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    Quote Originally Posted by ShortyPen View Post
    There are a lot of factors that affect how much waste a biofilter can convert - one of the bigger factors is how much surface area of media you have. I have some numbers that you can use for calculating a guess at what a filter design will handle on this page:

    http://www.shortypen.com/projects/pond/design/index.htm

    For my 5 gallon bucket filter on my QT tank, I have about 2.17 gallons of K1 media, and theoretically if everything is working perfectly, it should handle 4.35 ounces of koi food waste per day, and at 1% feed rate, that would be 435 ounces of fish. The average 12" koi is about 16 ounces.

    But remember, there are a LOT more factors involved than just the amount of media you have.

    Shorty
    Shorty boss, with that 5gal bucket of 2.17 gal of K1, how big is the QT (how many gals?) and what the most fish/size you had loaded at the time? Amomnia and PH are stable? I am between Matte or K1 for my QT and your provided info would help much :-)

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    Hello Shorty,

    Since I get the numbers from the Niagara Aquarium in my email box each week. I thought I would share them with you. This was in the email I got from Dan today .....


    SHARK Tank 17,000 Gallons, feeding 5 pounds of fish every other day.
    Date________pH_______Ammonia_______Nitrate________ Nitrite______Water Changes Comments
    2/9/2011____8.12________0.00__________8.3___________0. 010_______not this week


    OCTOPUS 1500 Gallons
    Date__________pH______Ammonia______Nitrate______Ni trite_______Water Changes Comments
    2/9/2011______8.09_______0.00__________2.3________0.00 5_______not this week

    The Shark tank is 17,000 gallons, the filtration on the tank is a very large protein skimmer, some filter pads, and 13 cubic feet of the Cermedia Ceramic. The flow rate over the media is 1300 gallons per cubic foot of media.

    We don't recommend a media pack depth, it is far more a function of the containers the customer may already have. The media they are using is an 8X8X4 block randomly stacked.

    The Octopus tank is 1500 gallons. I don't have specifics on the filters because it was setup before my involvedment, and I have just never asked. The water temp in the octopus tank is 49 F.

    Note that Cermedia works above and below the water line. Recommended flow rates are 1000-1500 gph per cubic foot. Although our customers vary on these numbers greatly and enjoy the experimenting with the possibilities.

    Best Regards,
    Matt Sklar

    P.S. no hype, just the facts...
    ...........................................please let me know what else you would like to know.



    Quote Originally Posted by ShortyPen View Post
    That is some very typical HYPE that is common amongst the pet fish hobby. The only hard data it referenced, was their water changes were reduced by 50%. But it doesn't say 50% of what? Were they doing 100% water change per week, and now they are only doing 50% water changes per week? Or what?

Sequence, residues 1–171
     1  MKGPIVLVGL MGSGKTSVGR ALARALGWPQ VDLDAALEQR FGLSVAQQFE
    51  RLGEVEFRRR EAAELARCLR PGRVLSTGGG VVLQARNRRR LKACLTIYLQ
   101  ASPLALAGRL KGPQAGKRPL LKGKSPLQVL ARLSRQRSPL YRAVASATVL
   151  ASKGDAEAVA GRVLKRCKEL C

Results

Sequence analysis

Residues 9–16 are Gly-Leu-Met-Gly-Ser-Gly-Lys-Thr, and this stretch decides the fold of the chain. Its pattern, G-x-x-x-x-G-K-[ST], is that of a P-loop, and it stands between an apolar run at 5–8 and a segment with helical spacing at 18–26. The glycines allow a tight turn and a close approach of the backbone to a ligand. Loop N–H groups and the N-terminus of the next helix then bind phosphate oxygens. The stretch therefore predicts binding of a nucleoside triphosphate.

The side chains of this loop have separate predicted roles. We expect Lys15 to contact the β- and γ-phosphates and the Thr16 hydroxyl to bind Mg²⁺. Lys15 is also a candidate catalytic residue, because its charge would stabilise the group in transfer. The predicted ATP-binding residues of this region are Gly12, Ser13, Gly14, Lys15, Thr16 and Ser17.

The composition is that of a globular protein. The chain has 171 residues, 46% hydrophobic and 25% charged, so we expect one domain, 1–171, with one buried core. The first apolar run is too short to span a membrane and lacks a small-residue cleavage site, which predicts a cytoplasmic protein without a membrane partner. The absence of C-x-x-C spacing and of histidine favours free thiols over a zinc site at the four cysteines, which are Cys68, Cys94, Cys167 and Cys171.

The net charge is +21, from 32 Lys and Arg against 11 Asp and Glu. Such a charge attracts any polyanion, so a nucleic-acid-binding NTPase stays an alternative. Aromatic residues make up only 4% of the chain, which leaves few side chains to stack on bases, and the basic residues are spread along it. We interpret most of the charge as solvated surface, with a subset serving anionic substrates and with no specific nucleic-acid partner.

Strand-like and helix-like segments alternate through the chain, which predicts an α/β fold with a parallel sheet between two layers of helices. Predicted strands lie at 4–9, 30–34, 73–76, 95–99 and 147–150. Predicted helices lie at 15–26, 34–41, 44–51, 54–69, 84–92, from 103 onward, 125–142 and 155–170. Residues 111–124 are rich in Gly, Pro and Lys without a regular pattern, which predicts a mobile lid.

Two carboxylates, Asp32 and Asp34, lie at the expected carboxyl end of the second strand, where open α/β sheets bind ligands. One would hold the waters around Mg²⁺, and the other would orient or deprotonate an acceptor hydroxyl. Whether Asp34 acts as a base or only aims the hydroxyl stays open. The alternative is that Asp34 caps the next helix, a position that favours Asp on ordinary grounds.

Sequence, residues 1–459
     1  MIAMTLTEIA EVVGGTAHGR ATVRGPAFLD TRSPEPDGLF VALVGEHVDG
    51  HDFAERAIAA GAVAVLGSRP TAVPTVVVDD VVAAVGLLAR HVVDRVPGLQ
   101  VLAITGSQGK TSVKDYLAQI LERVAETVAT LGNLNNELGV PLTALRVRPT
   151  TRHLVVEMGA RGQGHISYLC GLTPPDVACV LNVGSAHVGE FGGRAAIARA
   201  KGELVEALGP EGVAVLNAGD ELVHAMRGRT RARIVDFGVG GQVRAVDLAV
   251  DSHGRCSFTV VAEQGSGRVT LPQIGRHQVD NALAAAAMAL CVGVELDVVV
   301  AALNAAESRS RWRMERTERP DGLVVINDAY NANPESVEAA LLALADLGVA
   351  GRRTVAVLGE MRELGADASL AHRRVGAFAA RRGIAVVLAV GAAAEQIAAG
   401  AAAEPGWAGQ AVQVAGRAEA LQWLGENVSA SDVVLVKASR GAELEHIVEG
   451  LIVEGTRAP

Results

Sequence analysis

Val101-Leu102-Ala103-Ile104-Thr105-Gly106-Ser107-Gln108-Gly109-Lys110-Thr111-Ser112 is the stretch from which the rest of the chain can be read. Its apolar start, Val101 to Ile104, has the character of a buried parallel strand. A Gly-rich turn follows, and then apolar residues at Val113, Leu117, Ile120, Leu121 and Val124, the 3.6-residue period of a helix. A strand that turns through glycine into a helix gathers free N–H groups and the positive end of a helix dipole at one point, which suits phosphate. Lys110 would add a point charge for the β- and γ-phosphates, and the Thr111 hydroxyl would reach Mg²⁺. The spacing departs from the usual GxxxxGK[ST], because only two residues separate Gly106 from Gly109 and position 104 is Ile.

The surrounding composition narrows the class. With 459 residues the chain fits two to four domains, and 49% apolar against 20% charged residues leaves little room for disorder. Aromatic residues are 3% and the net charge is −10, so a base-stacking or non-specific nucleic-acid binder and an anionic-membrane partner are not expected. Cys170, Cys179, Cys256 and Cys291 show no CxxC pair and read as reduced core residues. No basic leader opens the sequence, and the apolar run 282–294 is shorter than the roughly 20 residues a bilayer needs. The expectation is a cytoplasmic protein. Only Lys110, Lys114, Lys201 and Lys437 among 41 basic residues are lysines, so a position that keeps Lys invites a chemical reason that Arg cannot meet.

no data on optimum flow rate through the media

    no media configuration details -- it did suggest a shower type arrangement, but did not specify optimum depth of media. If you stack the media on top of each other, at a certain thickness it will not have optimum flow and the bottom media will not perform.

    no cleaning and maintenance schedule

    Practically no useful information at all, except there were some nice looking fish and the guy was very pleasant as he talked.

    I went to your website and looked at the media and saw where you sell it, but did not see any data on how to use it. If there is already data from real scientific testing, then maybe you could link to it from your sales page, or host your own pages on how to use the media properly.

    Sorry to sound so gruff -- I see bad situations over and over, and over again. People do buy the right stuff, and many different types of media and filter configurations do work when operated properly -- but the problem is people never get educated on how to use it properly. Companies that sell equipment often just slap a label on the front that says "this filter will handle 3000 gallons" and that is it.

    Shorty
    Last edited by mtsklar; 02-09-2011 at 02:01 PM.

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    Quote Originally Posted by ShortyPen View Post
    Kaldness K1 is an amazing media. It was originally developed for the sewage industry, and it is heavily used in the commercial aquaculture world which not only stocks fish at a much higher density than we do, but they also have many scientific trials published for peer review. Makes sense because they have a lot of money and people's jobs on the line, and they need solid technology to support those.

    Norm Walsh -- I think it is great you are doing a filter design contest in the other thread. I haven't seen any experiments that use your media, something that would be great for the koi community is to host scientific testing of your media side by side with other established media types such as K1. You would need to open the test up for peer review and be willing to run the testing multiple times if the experiment has possibilities of being contaminated. It is a lot of work, but would be extremely beneficial for the community. Our hobby has tons of hype, and a very small amount of actual controlled testing.